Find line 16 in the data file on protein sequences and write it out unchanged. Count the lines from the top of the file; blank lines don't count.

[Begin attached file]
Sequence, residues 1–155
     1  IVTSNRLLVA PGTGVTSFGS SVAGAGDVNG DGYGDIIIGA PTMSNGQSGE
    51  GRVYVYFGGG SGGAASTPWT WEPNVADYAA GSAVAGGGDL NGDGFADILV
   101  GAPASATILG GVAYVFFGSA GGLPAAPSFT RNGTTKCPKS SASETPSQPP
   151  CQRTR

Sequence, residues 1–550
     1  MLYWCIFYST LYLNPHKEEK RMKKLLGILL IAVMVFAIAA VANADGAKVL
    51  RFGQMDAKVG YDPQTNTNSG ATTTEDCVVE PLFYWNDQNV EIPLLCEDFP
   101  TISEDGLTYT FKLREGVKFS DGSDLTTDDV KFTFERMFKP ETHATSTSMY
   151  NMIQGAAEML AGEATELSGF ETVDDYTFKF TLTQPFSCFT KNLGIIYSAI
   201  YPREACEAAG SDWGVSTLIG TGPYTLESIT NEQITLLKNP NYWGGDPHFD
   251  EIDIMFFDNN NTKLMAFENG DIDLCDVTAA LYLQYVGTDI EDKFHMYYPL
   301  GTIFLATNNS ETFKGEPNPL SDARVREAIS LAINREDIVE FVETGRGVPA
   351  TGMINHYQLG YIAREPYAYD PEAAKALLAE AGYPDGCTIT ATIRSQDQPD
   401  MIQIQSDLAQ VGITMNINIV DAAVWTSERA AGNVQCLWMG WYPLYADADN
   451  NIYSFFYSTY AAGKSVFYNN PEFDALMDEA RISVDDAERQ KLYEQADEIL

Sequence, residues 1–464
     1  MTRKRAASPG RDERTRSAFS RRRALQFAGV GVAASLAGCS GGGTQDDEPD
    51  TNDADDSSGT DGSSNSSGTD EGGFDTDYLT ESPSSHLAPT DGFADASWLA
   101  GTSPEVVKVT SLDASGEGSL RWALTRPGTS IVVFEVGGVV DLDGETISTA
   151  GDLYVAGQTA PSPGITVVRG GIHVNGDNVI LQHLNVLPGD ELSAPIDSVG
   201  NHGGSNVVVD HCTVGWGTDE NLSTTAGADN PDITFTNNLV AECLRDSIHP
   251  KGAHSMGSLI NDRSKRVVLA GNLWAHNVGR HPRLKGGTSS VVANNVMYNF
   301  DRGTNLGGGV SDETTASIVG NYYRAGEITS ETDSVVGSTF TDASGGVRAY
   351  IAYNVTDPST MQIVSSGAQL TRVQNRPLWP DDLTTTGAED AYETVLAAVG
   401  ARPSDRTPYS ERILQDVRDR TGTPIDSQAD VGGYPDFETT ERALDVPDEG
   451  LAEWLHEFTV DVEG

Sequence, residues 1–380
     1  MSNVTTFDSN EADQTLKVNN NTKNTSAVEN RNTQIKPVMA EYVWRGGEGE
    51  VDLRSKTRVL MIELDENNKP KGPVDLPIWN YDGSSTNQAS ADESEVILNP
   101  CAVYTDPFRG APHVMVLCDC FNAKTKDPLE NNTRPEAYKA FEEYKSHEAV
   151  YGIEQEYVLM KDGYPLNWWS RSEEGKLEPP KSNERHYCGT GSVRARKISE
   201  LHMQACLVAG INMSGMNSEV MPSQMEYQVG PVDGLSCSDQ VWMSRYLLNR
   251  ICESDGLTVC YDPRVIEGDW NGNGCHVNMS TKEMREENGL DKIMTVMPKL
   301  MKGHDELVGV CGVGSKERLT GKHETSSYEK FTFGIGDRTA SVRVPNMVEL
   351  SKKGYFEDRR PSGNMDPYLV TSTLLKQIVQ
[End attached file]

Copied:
   451  NIYSFFYSTY AAGKSVFYNN PEFDALMDEA RISVDDAERQ KLYEQADEIL